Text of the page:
The Road Leads Where It’s Led

And just like that, another school year is upon us. My social media feed is currently full of posts* from friends who are a) Sending their children off to the first day of school, b) Preparing their own classrooms for another year, and sometimes c) Both. [*Not to mention tons of sweet vacation photos, “here’s what I’m about to eat/drink” photos, and random memes…love ’em all!]

13718574_10153712417859327_4589368255754388461_nWhether you have already started with your own students, or will be doing so shortly…

Whether you are a classroom teacher, principal, school or district administrator, don’t forget your most important role…

You are a Learning Leader.

True school leadership doesn’t require an extra degree. It doesn’t require a special license or a fancy title. True learning leadership happens at all levels of the organization…the most important of which is side by side with our students.

So, inspired by some recent reading (Thanks George Couros!) I challenge you to lead this year. Don’t let your title confine you. Stretch yourself…and amidst all the day-to-day minutiae of your job, commit to five simple things:

  1. Be YOU.
    • Never lose sight of who you are. Be the most YOU you can be. Unabashedly, unapologetically YOU. If you’ve read my other posts, you know I’m a fan of Steve Jobs…he says it best, “Your time is limited, so don’t waste it living someone else’s life…Don’t let the noise of others’ opinions drown out your own inner voice. And most important, have the courage to follow your heart and intuition.” Don’t worry what others will think when you try that new thing…when you go out on a limb…when you decide to wear that interesting combination of plaid and polka dots. Just be you.
  2. Focus on the STUDENTS.
    • Seems simple, but don’t lose sight of why we do what we do. Yes, at times the work is overwhelming. Yes, we always have too much to do and never enough time to do it. But sometimes the best thing for a student will require a bit more work and effort on our end. At times it will seem like you are working harder than your students, and you will be.  Being a Learning Leader is hard. If it isn’t, you’re doing it wrong. But in the long run, it will get easier. After that initial investment, it’ll be worth it. And our students will benefit from it.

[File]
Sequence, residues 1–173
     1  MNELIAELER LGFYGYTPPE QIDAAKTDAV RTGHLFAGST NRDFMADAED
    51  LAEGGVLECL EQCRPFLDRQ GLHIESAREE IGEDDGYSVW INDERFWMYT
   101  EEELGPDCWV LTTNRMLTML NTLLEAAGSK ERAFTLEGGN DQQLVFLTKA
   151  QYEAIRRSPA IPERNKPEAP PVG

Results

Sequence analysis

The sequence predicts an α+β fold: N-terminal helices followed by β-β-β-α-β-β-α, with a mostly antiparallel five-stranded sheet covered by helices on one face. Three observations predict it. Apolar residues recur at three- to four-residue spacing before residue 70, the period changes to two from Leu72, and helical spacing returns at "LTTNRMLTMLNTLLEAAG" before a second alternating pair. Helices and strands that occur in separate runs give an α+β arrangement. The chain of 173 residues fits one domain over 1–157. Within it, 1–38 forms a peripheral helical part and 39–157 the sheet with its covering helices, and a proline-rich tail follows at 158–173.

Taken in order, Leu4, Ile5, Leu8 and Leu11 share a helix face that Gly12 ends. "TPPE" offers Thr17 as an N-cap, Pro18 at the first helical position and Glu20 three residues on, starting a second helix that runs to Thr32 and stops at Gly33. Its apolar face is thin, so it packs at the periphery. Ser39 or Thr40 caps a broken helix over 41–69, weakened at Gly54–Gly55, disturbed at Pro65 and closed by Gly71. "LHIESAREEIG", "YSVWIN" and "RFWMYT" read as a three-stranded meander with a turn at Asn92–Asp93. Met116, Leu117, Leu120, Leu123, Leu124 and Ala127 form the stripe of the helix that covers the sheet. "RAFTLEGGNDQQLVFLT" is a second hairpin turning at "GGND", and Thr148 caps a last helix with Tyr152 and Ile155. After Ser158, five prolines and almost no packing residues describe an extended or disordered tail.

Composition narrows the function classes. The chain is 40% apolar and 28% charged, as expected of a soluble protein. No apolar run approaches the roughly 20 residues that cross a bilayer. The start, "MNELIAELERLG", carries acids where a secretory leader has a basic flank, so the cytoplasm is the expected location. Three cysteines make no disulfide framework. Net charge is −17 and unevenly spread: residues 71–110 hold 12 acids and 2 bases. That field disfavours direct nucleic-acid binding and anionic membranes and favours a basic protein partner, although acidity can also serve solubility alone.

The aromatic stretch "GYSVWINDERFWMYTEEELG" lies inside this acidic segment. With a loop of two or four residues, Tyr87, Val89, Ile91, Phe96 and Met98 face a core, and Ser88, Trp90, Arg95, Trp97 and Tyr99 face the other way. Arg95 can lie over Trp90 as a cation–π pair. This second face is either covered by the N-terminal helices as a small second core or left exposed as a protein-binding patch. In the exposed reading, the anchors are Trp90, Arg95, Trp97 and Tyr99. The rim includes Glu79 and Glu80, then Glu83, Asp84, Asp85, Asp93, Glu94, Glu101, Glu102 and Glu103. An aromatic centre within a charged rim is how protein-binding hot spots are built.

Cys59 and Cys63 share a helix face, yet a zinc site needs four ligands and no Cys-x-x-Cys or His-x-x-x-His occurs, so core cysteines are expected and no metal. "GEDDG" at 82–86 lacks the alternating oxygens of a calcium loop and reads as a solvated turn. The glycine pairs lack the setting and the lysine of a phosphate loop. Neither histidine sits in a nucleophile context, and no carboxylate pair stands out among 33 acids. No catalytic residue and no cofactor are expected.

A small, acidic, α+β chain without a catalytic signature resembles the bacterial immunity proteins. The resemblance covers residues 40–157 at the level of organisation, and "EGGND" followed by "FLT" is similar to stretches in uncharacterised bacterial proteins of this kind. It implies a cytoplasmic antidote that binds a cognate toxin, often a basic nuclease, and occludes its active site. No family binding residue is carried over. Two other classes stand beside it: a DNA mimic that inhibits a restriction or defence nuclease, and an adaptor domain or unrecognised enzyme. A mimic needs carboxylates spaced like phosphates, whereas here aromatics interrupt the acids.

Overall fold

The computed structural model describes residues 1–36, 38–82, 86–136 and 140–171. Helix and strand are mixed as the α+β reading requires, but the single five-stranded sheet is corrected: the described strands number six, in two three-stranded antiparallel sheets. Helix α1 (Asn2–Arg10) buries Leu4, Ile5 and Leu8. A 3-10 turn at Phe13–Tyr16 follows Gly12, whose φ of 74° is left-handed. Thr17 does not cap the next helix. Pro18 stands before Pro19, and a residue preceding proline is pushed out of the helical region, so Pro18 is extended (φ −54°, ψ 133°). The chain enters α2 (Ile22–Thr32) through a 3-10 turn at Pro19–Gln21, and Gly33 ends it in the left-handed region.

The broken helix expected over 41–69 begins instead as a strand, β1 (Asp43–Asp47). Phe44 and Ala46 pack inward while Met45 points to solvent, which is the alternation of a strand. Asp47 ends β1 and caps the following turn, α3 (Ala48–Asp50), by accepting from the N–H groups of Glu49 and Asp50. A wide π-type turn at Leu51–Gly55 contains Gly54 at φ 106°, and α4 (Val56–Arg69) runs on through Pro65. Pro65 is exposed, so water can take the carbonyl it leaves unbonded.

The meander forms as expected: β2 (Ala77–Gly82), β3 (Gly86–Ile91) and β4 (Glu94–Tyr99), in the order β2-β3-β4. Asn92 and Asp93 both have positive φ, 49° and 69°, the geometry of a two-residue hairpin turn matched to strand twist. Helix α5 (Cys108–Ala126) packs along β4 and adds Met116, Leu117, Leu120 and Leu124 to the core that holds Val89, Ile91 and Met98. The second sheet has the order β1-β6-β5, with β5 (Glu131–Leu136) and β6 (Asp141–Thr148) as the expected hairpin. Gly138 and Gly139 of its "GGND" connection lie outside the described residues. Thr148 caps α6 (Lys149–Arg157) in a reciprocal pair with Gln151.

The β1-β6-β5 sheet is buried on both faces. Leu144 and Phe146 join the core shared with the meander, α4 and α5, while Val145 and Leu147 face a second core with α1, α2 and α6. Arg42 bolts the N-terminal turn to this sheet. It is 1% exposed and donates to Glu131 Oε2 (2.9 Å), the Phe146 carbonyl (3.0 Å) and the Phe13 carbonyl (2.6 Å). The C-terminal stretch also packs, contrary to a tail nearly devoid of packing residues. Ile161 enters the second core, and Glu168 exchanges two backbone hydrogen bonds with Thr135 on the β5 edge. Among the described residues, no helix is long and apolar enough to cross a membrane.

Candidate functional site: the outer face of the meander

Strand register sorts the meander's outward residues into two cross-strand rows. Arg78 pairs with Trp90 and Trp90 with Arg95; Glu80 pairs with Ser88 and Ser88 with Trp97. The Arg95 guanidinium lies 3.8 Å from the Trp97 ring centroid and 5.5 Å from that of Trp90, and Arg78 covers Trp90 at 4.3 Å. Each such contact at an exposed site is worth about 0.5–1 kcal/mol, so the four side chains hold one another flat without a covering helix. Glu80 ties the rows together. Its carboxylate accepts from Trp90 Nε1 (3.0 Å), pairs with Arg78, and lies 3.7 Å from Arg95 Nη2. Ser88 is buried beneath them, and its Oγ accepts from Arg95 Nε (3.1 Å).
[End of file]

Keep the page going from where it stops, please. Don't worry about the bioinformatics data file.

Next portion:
3. Innovate UP.
    • Innovation doesn’t require a fancy program, a flashy logo, or a catchphrase. Innovation can’t be mandated from the top-down. Innovation doesn’t require a complete shift to one practice from another. Innovation doesn’t require that we shift to a completely digital environment. No…The best innovation starts with you. Start small. Try something new…something that you think will improve student learning. Did it work? Try it again…only bigger. Challenge yourself to do SOMETHING different this year. Anything. Big or small. Just try. And once you find something new that helps your students…try another new thing. Can’t think of anything to try? Well…
  4. Read. Read. Read.
    • Remember back in your interview (or that conversation with a colleague or that statement on your resume´) when you said you were a “Lifelong Learner”? Commit to that. Read. Seek new ideas. There are a ton of them out there just waiting for you to find them. You don’t have to read gigantic texts on teaching/leadership practices (although there are a lot of great ones out there!)…start small. Read an article. Subscribe to a blog. Find an online community of colleagues. Tweet. But don’t forget to read for fun! Seriously…Every once and a while, set aside your schoolwork and pick up a novel just for fun. Give your brain some candy amidst the kale.  And when you do read something worthwhile…
  5. Share.
    • You’ve got great ideas. Share them! You know that cool activity you did in class? That excellent organizational system? That brilliant motivational thought? Share them! Don’t be shy! Start small. Start a discussion. Make a comment. Tweet. Blog. Email. Post a status update. Just…share.

No matter what you do. No matter what your role…your title…your grade level… your subject….Whether you work directly with students or support those that do….Have a GREAT year. And don’t forget to lead.


Suggested Reading:

The Innovator’s Mindset – George Couros


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